After the Fast
Fr. Peter Daly
April 13, 2001
After the Fast
Lent is over. My 40 day long “TV fast” has come to an end. Since so many people wrote to ask me about it, I thought you might want to know the results?
I haven’t had a chance to debrief all the other 20 people in my parish who joined me in the TV fast. Most seemed to keep it pretty well. There were a few problems. Some teens reported that their teachers gave homework assignments which required watching TV. Some people said that visiting others made it impossible, since the TV was always on there. I think both are reasonable exceptions to the fast.
Speaking for myself, I got much more than I gave up.
I feel more peaceful. There isn’t the constant haranguing to buy things in my house anymore. There isn’t the endless noise. When I go to the nursing home or hospital now I am now so aware of the constant nagging presence of the TV.
I was hard to give up TV during meals. Since I live and eat alone, it was like loosing my only dinner companion. But I discovered that NPR is a good substitute on the radio. It has no commercials. Radio allows you to use your imagination more. It has very good coverage of the big new and more off-beat stories that never make it on TV. In the morning I particularly like the “Writers Almanac” with Garrison Keilor. He ends every episode with a poem. Nobody reads poetry on TV much.
I can’t say I really exercised more. I thought I would, but I didn’t. In fact, I tended to eat a bit more. Perhaps food was a compensating pleasure. But since I wasn’t watching the TV late at night, I gave up my customary late night bowl of cereal . That in itself helped me stabilize my weight during Lent.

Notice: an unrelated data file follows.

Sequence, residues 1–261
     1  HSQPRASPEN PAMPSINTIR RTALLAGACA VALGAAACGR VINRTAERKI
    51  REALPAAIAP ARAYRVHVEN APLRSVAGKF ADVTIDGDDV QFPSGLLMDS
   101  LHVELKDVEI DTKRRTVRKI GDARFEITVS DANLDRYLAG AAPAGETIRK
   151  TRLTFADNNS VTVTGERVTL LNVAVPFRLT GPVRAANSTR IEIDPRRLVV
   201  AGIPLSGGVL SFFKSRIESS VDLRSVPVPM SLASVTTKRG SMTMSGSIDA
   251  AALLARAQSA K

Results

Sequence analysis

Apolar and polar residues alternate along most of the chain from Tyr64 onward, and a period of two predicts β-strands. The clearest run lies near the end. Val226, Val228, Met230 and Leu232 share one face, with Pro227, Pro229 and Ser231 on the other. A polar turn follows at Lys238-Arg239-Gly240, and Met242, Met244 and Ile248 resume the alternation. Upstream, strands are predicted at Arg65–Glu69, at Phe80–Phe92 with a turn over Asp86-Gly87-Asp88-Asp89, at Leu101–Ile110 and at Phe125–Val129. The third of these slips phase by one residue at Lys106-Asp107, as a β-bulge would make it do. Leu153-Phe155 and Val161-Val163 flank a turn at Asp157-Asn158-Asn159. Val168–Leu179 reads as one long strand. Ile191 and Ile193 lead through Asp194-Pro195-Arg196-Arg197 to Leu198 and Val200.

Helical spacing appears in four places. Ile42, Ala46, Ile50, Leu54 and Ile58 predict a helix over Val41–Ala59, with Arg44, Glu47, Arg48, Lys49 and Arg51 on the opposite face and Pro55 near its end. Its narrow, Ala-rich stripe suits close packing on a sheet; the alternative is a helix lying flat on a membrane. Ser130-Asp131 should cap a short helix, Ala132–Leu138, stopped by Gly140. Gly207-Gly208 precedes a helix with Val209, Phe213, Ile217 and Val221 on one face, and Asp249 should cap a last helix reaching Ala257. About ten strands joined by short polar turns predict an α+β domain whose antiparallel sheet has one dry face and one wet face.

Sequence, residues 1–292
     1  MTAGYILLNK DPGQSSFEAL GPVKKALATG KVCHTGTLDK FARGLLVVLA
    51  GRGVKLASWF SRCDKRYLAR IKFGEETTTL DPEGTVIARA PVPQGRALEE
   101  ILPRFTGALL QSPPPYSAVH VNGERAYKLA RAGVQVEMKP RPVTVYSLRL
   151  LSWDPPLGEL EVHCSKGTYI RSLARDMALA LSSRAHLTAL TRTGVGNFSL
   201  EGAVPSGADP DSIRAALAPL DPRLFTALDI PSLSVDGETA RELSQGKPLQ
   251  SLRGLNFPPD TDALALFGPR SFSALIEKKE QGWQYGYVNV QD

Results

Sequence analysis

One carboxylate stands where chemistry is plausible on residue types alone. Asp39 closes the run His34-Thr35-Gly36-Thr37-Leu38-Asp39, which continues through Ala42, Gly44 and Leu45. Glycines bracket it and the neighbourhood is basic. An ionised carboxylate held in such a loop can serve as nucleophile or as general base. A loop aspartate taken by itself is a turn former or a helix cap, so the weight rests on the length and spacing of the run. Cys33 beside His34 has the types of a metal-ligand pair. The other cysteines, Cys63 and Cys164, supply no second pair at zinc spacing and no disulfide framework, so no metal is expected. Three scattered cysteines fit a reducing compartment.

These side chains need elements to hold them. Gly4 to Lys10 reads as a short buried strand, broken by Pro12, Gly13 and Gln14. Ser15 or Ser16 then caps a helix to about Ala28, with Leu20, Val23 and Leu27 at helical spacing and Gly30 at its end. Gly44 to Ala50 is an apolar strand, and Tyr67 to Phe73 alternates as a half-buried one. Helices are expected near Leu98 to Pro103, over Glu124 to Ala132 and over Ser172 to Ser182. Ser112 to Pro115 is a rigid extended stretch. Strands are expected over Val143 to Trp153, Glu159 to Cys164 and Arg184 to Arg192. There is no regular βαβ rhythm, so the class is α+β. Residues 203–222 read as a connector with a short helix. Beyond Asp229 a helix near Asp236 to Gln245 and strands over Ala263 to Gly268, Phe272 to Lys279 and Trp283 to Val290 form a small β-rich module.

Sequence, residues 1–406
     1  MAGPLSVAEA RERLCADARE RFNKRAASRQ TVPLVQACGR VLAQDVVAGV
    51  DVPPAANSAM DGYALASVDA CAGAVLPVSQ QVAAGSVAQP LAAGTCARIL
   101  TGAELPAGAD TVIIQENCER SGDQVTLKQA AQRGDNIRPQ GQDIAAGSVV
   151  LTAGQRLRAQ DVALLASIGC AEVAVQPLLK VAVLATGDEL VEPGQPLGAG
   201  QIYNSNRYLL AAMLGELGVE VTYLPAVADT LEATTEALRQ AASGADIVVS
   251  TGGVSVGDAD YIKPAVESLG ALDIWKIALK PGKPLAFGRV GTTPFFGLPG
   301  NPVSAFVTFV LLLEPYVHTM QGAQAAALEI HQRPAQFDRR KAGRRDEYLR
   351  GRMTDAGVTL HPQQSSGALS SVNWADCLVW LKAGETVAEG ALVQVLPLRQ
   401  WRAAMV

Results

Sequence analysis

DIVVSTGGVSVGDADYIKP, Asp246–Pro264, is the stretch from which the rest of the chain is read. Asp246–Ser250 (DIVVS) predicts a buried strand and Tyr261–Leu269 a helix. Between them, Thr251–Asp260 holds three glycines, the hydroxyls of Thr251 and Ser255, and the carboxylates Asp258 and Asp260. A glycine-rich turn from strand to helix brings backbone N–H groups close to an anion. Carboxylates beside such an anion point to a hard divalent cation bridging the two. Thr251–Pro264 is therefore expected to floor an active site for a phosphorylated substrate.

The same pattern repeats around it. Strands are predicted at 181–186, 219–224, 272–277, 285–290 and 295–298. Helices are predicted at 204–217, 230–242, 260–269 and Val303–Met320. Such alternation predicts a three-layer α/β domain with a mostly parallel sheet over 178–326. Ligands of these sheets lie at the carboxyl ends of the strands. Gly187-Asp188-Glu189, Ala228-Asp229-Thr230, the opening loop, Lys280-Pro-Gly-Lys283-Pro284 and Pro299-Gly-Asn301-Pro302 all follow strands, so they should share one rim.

The biggest dividend was more time. I definitely had more time.
As a result, I prayed more. The half hour I used to waste on the “blood and guts” local news, I spent reading the Bible or writing in a prayer journal.
I read more; not just magazines and
news papers either. I read a laugh out
loud novel set in the Catholic India called “The God of Small Things”, by Arundahati Roy.
I got more sleep. I got to bed earlier. That is a great dividend.
I did miss
some things on TV. I missed seeing some
of the “final four.” I missed the
footage of the release of the aircraft crew from
On Sundays I allowed myself to watch videos. I discovered that there are some great educational videos. I watched the whole PBS series on the early church.
The biggest “insight” of these 40 days was the wonderful feeling of freedom. I really can change things in my life. Even a 50 year old man, set in his ways, can change.
I started to think about all sorts of things I want to change. Challenges I want to undertake. New priorities for my life. Giving up TV made me realize that time is valuable. I want to do a lot more with my life than watch it go by on a screen.
I won’t go back to the TV. Not like before. It is going to remain unplugged unless there is a special event.
Giving up TV for Lent was a great grace. I feel freer. Free to tackle those other habits in my life that seem so unbreakable.
Free, with God’s help, to break my vices and develop some virtues.
In only 40 days, that is a huge lesson to learn.